The constant invocation of kinship claims to Nasrani aristocracy requires us to understand the place of Brahminical patriarchy in cementing Syrian Christian identity. Today, demographic shifts have left the community with more unmarried men, and that too of relatively lesser educational qualification and professional status than Syrian Catholic women. For instance, about a decade ago, Church leadership openly expressed concerns about Syrian Catholic girls marrying (non-Catholic) ‘auto drivers’ — referring to the blue-collar class as if the community did not have that stratum of working population. Today, Pre-Cana (mandatory pre-marriage course organised by the Church) counsellors advise women to choose a Catholic partner by considering the ‘quality of character and faith’ over material status. In this scenario, women who choose to marry outside Syrian Christianity face a tough time negotiating the hostility and covert violence by the community.

Complicating the matter of female agency within the community further is the global and national climate of Islamophobia, which has birthed the bogey of ‘Love Jehad’. However, not enough attention has been paid to an equally unproven accusation of ‘Ezhava Jehad’: an oxymoronic term used by some Syrian Catholic priests to suggest an alleged conspiracy by Ezhavas, an ex-untouchable community (and other oppressed caste men) to ‘lure’ Syrian Christian women. Even if women marrying outside the community wish to retain their Catholic faith, a right they are entitled to under Canon law, they must undergo punishing and often humiliating bureaucratic procedures. At the same time, alliances between Nair or Namboothiri men and Syrian Catholic women, despite their frequency, do not invite the kind of vitriol that Muslim-Christian or inter-caste marriages routinely attract.

On the other hand, it is not puzzling at all that caste Hindu Malayali men speak derisively of ‘biscuit Christians’ and ‘rice-bag converts’ without any qualms about courting and/or marrying Syrian Catholic women (although they are not likely to let her practice her faith or raise their children as Christians). The advance of the Hindutva ideology in Kerala might have amplified anti-Christian sentiments among caste Hindus. But the mythical Namboothiri origin story of the Syrian Christians tempers the hatred for the ‘non-Indic’ faith. Meanwhile, the distinctive caste status of ‘Malayali Christians’ propagated through popular culture forms like movies and Syrian Christian cuisine has begun to achieve pan-India appeal. Consider the 2010 box-office hits by the Tamil-Malayali film director Gautham Vasudev Menon, viz, Vinnaithaandi Varuvaaya (Tamil), its Telugu version Ye Maya Chesave and the not-so-successful 2012 Hindi remake (Ekk Deewana Tha): these movies celebrated if not fetishised its ‘Malayali Christian’ heroines hailing from central Kerala, the Syrian Christian stronghold. The implicit caste status of ‘simple’ sari-clad Jessies and Annies from Kerala places them a notch above the (more) Westernised, miniskirt-wearing Sandras from Bandra. ‘Malayali Christian’ characters have appeared in more Bollywood and non-Malayalam productions since. Wait before you discredit this newfound appeal of the ‘Kerala Christian’ as a popular culture fad: Syrian Christians are more likely to find rented apartments without much fuss in cities across India than Muslims and Dalits. The shared Hinduness of Syrian Christians gaining traction across India grants them certain privileges and immunises them from the Hindutva hatred faced by other Christians and minorities today.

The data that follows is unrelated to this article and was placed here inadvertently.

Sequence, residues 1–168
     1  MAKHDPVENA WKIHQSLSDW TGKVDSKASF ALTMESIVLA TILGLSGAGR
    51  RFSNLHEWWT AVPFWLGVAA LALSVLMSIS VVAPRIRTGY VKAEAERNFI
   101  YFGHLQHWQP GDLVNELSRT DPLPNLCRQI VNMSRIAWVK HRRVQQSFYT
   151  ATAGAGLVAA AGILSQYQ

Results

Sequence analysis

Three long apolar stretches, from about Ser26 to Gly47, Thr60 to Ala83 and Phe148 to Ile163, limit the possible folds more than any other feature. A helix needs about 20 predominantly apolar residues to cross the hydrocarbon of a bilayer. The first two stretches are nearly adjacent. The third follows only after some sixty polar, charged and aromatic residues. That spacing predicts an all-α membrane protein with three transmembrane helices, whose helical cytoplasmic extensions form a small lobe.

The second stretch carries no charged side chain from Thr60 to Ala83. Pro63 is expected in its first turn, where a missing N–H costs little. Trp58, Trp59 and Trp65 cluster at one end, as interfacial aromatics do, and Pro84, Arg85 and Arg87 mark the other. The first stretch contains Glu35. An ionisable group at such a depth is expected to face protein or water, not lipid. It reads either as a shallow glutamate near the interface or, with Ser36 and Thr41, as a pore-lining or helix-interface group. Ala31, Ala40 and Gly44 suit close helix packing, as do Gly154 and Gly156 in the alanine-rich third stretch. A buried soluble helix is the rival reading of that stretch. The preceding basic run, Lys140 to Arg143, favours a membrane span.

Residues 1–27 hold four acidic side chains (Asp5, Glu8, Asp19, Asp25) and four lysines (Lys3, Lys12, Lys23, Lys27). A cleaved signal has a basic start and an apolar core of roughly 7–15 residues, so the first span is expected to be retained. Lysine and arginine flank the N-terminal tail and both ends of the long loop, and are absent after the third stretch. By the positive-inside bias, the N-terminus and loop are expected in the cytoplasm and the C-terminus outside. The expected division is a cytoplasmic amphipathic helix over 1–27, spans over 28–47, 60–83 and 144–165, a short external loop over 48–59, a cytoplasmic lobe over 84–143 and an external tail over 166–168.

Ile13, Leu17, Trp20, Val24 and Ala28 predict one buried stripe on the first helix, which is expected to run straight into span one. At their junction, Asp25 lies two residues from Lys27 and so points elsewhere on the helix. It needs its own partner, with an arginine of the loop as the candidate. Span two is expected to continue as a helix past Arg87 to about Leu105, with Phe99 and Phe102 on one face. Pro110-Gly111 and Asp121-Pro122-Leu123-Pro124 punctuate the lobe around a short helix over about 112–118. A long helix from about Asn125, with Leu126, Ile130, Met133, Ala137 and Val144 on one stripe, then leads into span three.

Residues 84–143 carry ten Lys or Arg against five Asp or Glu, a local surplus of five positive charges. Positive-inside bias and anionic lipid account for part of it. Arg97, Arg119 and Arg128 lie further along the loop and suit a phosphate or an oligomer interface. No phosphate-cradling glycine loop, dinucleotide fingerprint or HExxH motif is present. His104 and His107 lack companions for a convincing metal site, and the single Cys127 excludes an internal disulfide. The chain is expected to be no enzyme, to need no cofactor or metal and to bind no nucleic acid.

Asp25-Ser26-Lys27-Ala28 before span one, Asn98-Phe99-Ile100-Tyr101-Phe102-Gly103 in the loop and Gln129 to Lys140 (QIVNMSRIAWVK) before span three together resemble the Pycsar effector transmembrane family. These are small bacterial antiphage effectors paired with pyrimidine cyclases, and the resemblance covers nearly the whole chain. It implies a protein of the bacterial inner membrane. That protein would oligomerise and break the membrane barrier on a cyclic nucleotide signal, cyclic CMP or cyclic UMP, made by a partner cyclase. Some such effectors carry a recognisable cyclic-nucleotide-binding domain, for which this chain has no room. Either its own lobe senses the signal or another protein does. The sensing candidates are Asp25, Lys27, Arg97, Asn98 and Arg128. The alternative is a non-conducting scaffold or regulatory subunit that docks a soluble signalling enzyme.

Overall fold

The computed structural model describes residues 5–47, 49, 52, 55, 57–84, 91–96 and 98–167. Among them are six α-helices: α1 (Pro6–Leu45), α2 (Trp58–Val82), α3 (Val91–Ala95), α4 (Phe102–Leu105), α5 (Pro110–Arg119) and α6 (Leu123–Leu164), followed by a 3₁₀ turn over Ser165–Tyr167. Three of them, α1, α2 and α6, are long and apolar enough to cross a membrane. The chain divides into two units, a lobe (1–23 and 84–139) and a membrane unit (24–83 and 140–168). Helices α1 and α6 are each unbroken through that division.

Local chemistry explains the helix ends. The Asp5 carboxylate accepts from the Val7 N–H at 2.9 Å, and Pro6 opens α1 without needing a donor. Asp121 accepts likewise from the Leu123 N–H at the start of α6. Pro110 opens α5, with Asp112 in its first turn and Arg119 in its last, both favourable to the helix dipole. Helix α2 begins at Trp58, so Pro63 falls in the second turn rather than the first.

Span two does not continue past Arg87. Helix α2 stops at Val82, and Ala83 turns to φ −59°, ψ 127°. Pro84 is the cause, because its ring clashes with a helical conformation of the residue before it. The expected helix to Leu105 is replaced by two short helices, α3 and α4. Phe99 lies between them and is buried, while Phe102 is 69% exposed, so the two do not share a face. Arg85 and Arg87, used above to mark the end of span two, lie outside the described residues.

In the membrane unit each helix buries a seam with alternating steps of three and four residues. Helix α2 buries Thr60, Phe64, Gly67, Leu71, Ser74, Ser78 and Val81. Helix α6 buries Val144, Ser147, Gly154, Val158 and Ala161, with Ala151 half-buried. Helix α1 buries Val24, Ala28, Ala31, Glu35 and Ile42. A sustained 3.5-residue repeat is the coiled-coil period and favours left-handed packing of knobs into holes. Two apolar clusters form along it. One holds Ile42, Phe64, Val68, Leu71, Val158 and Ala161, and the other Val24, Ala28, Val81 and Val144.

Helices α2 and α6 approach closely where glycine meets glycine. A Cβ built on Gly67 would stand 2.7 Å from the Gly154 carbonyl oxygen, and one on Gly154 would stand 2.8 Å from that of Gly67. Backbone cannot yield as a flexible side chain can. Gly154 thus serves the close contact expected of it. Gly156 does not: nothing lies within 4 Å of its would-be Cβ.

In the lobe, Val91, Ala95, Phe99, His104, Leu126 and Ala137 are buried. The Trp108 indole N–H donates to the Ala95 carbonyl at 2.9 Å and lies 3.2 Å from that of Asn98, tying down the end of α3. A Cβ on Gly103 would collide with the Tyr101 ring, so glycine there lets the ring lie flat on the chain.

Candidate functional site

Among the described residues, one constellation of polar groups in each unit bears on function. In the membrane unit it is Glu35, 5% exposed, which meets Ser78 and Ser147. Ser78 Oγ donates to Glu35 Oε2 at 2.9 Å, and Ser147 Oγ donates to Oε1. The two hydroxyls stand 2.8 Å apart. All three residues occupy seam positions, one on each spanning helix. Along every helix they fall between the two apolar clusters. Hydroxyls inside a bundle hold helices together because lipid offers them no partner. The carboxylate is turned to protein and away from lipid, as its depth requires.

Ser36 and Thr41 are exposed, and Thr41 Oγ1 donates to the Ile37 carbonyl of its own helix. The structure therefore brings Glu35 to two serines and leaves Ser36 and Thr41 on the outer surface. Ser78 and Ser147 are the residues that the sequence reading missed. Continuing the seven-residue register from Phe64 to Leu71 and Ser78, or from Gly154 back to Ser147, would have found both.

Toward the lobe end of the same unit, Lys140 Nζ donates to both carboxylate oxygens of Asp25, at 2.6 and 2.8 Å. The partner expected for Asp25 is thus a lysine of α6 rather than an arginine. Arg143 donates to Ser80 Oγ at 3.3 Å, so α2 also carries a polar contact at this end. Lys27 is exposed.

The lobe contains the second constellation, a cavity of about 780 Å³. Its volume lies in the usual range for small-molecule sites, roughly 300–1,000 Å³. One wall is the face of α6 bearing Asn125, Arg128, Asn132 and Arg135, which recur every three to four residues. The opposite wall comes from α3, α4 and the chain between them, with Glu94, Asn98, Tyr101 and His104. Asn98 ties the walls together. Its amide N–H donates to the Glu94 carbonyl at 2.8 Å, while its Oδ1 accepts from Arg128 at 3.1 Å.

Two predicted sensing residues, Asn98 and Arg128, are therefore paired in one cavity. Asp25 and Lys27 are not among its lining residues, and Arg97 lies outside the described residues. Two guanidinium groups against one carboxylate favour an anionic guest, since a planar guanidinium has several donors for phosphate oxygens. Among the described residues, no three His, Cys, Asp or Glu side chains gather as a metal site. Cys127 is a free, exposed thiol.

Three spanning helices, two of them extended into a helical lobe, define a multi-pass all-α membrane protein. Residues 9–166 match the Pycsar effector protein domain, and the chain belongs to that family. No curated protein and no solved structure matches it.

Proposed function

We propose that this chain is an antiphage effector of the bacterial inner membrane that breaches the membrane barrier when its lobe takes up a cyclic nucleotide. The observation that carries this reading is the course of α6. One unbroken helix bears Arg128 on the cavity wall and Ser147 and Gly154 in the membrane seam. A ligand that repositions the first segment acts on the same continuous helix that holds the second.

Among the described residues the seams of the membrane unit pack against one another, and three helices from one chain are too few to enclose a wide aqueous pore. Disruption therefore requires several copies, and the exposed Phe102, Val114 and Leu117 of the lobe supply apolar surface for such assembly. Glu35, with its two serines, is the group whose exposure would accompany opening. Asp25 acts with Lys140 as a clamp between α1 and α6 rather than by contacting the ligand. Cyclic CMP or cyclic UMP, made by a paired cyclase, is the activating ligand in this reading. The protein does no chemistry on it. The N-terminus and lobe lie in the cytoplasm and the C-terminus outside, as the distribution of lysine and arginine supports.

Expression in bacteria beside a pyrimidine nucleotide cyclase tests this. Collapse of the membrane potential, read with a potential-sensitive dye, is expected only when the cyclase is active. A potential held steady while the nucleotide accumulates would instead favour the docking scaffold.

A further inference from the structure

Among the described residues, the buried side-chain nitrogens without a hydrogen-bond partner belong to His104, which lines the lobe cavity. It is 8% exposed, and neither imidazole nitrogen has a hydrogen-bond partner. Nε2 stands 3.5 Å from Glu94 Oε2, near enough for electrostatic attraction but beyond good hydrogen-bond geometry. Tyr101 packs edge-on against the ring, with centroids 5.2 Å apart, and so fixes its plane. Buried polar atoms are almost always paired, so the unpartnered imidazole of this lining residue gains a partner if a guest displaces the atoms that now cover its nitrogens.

So, when Cardinal George Alencherry, the head of the Syrian Catholic Syro Malabar Church, says that ‘Christians’ need not feel insecure in ‘BJP-ruled India’, the prelate is talking exclusively about Syrian Christians in Kerala. A popular everyday refrain among Syrian Christians is ‘Kudumbathil Piranna Kristiani’, meaning ‘a Christian of superior family/ homestead’, a definition harking back to the supposed Brahmin descent. The usage can be translated as the Syrian Christian definition of an authentic Christian. The definition of the Christian who is at home in BJP-ruled India presupposes this cultural understanding of the true (Brahmin) Christian subject comfortably nestled within the ‘Hindu’ cosmos. By the same logic, the victims of the increasing number of attacks in India in the name of ‘conversion’ are not authentic Christians then. Nor is Stan Swamy, the Dalit Catholic priest-cum-theologian who languished to death in prison under dubious charges (Kerala Catholic Bishop’s Council/ KCBC’s condolence statement notwithstanding). Stan would have had a better shot at being counted as an authentic Christian had he taken up causes affecting the Syrian Catholics of God’s Own Country. Alas, the priest chose to work for Dalits and Adivasis in some ‘godforsaken’ corner of India. The same idea of the authentic Christian probably informs the lack of zeal in Syrian Catholic advocacy for the reservation of Dalit Christians. On the other hand, the enthusiasm for the EWS reservation, even if Communists implement it, is telling.